Page 2’s Howard Megdal is no stranger to waging Quixotic battles —- after all, he’s the guy who campaigned for the Mets GM job as though it were a bid for public office — but he already knows he’s got no chance of convincing Bud Selig that MLB’s pending takeover of the Los Angeles Dodgers represents “an opportunity to right a 54-year historical wrong .” However, in the unlikely event the only obstacle to moving the Dodgers back to Brooklyn is the Mets and Yankees’ territorial claims, Megdal’s already got it figured out :

In the case of the Mets, it should be pretty easy. Ownership needs money and could obtain it without having to sell any portion of the team. Better still, Fred Wilpon grew up a Brooklyn Dodgers fan, so in one fell swoop he could change his legacy from the man who bankrupted the Mets to the man who helped bring the Dodgers back to Brooklyn. Now that’s amazin’.

For the Yankees, it’s likely to be a much tougher sell. But MLB has many more inducements available. In the best interests of the game, Selig can offer to waive the Yankees’ luxury tax payments for a certain number of years. He can provide them with extra draft picks. He could even give them a bye into the playoffs for a predetermined period of time.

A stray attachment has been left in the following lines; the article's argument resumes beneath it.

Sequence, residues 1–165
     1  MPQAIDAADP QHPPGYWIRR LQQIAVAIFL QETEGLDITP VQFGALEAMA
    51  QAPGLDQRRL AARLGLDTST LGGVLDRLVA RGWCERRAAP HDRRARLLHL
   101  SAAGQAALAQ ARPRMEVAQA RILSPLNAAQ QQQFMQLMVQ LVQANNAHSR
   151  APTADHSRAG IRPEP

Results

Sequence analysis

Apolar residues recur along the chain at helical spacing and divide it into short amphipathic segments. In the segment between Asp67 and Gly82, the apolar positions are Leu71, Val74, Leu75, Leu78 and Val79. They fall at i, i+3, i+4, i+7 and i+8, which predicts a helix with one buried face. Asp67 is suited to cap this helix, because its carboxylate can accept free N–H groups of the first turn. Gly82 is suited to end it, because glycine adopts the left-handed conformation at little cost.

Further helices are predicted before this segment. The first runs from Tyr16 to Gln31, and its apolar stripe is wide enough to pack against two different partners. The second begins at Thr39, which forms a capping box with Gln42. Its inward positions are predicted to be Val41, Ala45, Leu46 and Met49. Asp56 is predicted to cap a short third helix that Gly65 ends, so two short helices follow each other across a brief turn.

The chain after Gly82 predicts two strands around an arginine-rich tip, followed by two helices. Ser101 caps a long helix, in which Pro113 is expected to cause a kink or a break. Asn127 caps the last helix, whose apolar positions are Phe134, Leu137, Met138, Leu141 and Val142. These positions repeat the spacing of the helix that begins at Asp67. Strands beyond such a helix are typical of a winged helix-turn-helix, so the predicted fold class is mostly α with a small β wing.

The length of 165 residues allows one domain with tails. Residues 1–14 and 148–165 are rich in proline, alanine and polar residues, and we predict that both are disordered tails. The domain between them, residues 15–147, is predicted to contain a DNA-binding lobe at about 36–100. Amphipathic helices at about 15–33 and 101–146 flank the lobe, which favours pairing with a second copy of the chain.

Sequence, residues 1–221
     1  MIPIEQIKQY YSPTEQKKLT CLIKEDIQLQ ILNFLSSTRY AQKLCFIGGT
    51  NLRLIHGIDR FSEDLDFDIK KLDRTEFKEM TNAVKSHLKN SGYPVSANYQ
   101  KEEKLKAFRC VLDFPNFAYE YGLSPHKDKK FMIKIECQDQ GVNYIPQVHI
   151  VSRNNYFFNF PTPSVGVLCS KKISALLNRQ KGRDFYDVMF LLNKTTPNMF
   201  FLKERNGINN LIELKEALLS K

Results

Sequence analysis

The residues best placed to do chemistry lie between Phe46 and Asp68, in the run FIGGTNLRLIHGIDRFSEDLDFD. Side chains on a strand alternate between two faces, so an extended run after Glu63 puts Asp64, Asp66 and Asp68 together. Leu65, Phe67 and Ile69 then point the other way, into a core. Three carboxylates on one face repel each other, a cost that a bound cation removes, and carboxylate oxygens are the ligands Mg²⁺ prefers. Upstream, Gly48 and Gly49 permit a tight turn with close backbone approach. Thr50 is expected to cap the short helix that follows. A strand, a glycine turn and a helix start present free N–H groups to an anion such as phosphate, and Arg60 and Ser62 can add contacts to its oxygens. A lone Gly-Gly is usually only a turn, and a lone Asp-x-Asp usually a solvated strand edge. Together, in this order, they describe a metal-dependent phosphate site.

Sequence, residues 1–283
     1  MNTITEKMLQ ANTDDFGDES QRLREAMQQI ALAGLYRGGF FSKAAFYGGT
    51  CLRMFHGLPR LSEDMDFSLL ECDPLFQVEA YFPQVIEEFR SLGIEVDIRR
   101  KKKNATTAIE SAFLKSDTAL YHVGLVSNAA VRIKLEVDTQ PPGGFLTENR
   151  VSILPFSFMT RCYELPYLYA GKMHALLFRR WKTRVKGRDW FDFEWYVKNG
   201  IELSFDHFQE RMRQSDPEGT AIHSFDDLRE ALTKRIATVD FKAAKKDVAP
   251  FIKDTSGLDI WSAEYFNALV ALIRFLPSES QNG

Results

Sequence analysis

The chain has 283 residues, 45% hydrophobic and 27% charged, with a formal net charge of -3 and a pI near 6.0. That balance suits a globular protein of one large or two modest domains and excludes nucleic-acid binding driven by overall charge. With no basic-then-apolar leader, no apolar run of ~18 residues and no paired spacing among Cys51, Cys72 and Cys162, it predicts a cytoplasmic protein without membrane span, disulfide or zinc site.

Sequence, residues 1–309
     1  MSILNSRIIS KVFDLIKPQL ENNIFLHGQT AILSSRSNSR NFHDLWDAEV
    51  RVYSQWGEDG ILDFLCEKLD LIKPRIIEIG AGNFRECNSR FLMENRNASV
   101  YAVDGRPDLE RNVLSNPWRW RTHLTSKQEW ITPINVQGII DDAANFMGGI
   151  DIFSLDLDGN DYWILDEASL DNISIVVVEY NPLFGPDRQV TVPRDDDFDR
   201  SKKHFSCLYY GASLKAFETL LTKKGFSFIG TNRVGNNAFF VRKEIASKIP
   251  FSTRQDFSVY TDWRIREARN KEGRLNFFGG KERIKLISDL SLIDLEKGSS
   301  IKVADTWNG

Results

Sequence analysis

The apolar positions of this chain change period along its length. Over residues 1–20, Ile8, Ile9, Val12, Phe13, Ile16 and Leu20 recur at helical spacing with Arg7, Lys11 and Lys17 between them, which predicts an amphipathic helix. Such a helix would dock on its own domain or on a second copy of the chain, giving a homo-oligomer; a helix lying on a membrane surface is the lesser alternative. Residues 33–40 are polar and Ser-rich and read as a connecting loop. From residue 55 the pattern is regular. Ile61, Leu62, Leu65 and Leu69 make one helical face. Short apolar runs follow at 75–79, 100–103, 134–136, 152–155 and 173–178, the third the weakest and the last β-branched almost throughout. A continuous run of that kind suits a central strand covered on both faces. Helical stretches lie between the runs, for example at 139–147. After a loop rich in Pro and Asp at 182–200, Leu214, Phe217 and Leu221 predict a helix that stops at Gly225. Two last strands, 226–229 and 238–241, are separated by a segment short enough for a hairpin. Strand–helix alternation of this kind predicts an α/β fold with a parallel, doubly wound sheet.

Why would MLB be willing to dilute New York’s fan base? Because it would have a positive effect on competitive balance in the long run. Adding a team in a healthy market would open a spot in Los Angeles for a team with tepid fan support in its current home — for instance, the Tampa Bay Rays.

(No, we’re not hypocrites for stealing another team in pursuit of restoring the Brooklyn Dodgers. The Rays have never approached the level of support once enjoyed by the Dodgers in Brooklyn. Certainly, Los Angeles fans have an attachment to the Dodgers, but they would be be getting perhaps the most innovative ownership group in MLB. In time, they will learn to love leaving Rays games after the seventh inning, too.)